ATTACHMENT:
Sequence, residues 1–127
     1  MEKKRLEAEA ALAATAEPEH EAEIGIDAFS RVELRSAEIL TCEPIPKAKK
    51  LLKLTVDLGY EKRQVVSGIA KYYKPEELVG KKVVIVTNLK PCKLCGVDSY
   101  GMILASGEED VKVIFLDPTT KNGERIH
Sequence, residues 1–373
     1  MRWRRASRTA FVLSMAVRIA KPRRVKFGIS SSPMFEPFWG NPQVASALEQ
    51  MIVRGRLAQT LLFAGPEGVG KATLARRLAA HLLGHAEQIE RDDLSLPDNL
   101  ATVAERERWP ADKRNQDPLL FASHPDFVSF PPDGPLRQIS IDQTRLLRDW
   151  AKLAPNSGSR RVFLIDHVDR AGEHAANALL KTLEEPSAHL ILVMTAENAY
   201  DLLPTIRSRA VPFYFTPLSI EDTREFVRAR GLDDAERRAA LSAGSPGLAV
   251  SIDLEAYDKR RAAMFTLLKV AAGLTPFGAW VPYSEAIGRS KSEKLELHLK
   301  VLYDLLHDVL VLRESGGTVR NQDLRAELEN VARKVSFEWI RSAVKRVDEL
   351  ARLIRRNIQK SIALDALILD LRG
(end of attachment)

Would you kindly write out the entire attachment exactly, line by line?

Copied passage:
Sequence, residues 1–127
     1  MEKKRLEAEA ALAATAEPEH EAEIGIDAFS RVELRSAEIL TCEPIPKAKK
    51  LLKLTVDLGY EKRQVVSGIA KYYKPEELVG KKVVIVTNLK PCKLCGVDSY
   101  GMILASGEED VKVIFLDPTT KNGERIH
Sequence, residues 1–373
     1  MRWRRASRTA FVLSMAVRIA KPRRVKFGIS SSPMFEPFWG NPQVASALEQ
    51  MIVRGRLAQT LLFAGPEGVG KATLARRLAA HLLGHAEQIE RDDLSLPDNL
   101  ATVAERERWP ADKRNQDPLL FASHPDFVSF PPDGPLRQIS IDQTRLLRDW
   151  AKLAPNSGSR RVFLIDHVDR AGEHAANALL KTLEEPSAHL ILVMTAENAY
   201  DLLPTIRSRA VPFYFTPLSI EDTREFVRAR GLDDAERRAA LSAGSPGLAV
   251  SIDLEAYDKR RAAMFTLLKV AAGLTPFGAW VPYSEAIGRS KSEKLELHLK
   301  VLYDLLHDVL VLRESGGTVR NQDLRAELEN VARKVSFEWI RSAVKRVDEL
   351  ARLIRRNIQK SIALDALILD LRG